According to the CDC, approximately 4.5 million dog bites occur in the United States every year, and 900,000 of those bites become infected. Victims of dog bites frequently know the dog that attacked them. The head and neck are the most common site of bites in children up to age 10 years, probably because a child’s head is close to the level of a large dog’s mouth. The arms and legs, particularly the right hand, are the most frequent site of injury for older children and adults. A dog bite can lead to a range of injuries, including scratches, deep open cuts, puncture wounds, crush injuries, and tearing away of a body part. Dog bites rarely cause death.
After being bitten by a dog, it is important to quickly and carefully clean the wound thoroughly with soap and a large amount of water; this can help to prevent infection. If there is bleeding, a clean towel or gauze should be pressed to the wound to slow or stop the bleeding.
Do I need treatment? — Adults or children who have been bitten by a dog should see a healthcare provider if:
●An animal bite has broken through the skin and bleeding does not stop after applying pressure for 15 minutes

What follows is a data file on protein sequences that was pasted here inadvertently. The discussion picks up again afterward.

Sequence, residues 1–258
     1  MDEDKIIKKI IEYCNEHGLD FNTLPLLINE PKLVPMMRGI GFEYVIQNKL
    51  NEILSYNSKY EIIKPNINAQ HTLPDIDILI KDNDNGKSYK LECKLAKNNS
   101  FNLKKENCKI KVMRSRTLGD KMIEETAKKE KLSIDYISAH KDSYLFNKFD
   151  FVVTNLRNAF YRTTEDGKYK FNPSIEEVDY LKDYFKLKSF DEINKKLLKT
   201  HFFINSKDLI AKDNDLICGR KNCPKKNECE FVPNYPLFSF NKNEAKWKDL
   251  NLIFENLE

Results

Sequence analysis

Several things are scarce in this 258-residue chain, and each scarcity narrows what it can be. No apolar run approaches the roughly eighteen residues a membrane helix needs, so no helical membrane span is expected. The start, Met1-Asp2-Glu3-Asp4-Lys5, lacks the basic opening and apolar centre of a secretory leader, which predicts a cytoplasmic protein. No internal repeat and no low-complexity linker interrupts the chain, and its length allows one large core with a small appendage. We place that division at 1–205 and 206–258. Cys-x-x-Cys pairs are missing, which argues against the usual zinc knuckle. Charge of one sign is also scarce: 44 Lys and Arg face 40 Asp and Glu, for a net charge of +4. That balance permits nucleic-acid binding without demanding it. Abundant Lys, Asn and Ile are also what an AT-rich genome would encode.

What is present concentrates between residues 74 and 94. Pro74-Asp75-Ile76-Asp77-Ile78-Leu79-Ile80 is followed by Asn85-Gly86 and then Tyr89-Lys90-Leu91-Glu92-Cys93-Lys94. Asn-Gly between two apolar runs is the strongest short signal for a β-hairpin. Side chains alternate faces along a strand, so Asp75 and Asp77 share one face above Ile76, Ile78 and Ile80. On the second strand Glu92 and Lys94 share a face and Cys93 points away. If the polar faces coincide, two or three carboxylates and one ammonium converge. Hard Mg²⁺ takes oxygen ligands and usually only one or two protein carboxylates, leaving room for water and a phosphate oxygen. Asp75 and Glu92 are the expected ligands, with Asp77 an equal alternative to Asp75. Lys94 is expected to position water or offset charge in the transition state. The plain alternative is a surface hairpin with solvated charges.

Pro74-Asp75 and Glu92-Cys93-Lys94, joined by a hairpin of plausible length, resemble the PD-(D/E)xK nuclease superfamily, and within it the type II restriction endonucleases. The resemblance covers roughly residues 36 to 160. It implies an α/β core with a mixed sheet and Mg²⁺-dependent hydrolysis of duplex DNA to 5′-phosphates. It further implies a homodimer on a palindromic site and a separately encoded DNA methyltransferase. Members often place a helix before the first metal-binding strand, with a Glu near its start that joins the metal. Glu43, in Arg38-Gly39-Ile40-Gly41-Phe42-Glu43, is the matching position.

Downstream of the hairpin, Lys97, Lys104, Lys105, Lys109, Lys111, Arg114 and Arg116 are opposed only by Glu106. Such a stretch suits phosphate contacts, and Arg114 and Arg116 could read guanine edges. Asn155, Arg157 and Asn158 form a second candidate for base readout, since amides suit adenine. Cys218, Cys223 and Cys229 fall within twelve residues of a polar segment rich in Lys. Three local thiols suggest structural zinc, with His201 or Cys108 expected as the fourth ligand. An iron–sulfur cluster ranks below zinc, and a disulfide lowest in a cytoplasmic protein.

●A bone may be broken, or if there is other serious injury
●A bite victim has diabetes, liver disease, cancer, HIV-infection, or takes a medication that could weaken the immune system
It is best to be evaluated and treated as soon as possible after being bitten to reduce the chance of developing an infection.
The most common complication of a dog bite is infection. Antibiotics are generally recommended to prevent infection in people with high-risk wounds, facial wounds, wounds involving a bone or joint, and for people with other health problems, such as a weakened immune system or diabetes, which could increase the risk of serious infection.
Tetanus is a serious, potentially life-threatening infection that can be transmitted by an animal or human bite. If you are not up-to-date with your tetanus vaccine, you will need a booster.
If you were bitten by a dog that could be infected with rabies, you MUST seek medical attention to determine if a series of injections is needed to prevent rabies, which is usually a fatal illness.
Walk-in to any of our clinics and talk to our providers. No appointment is necessary at our clinics and you’ll only wait minutes to be seen. You can call ahead at (917) 310-3371 and let us know you’re on the way or you can check in online.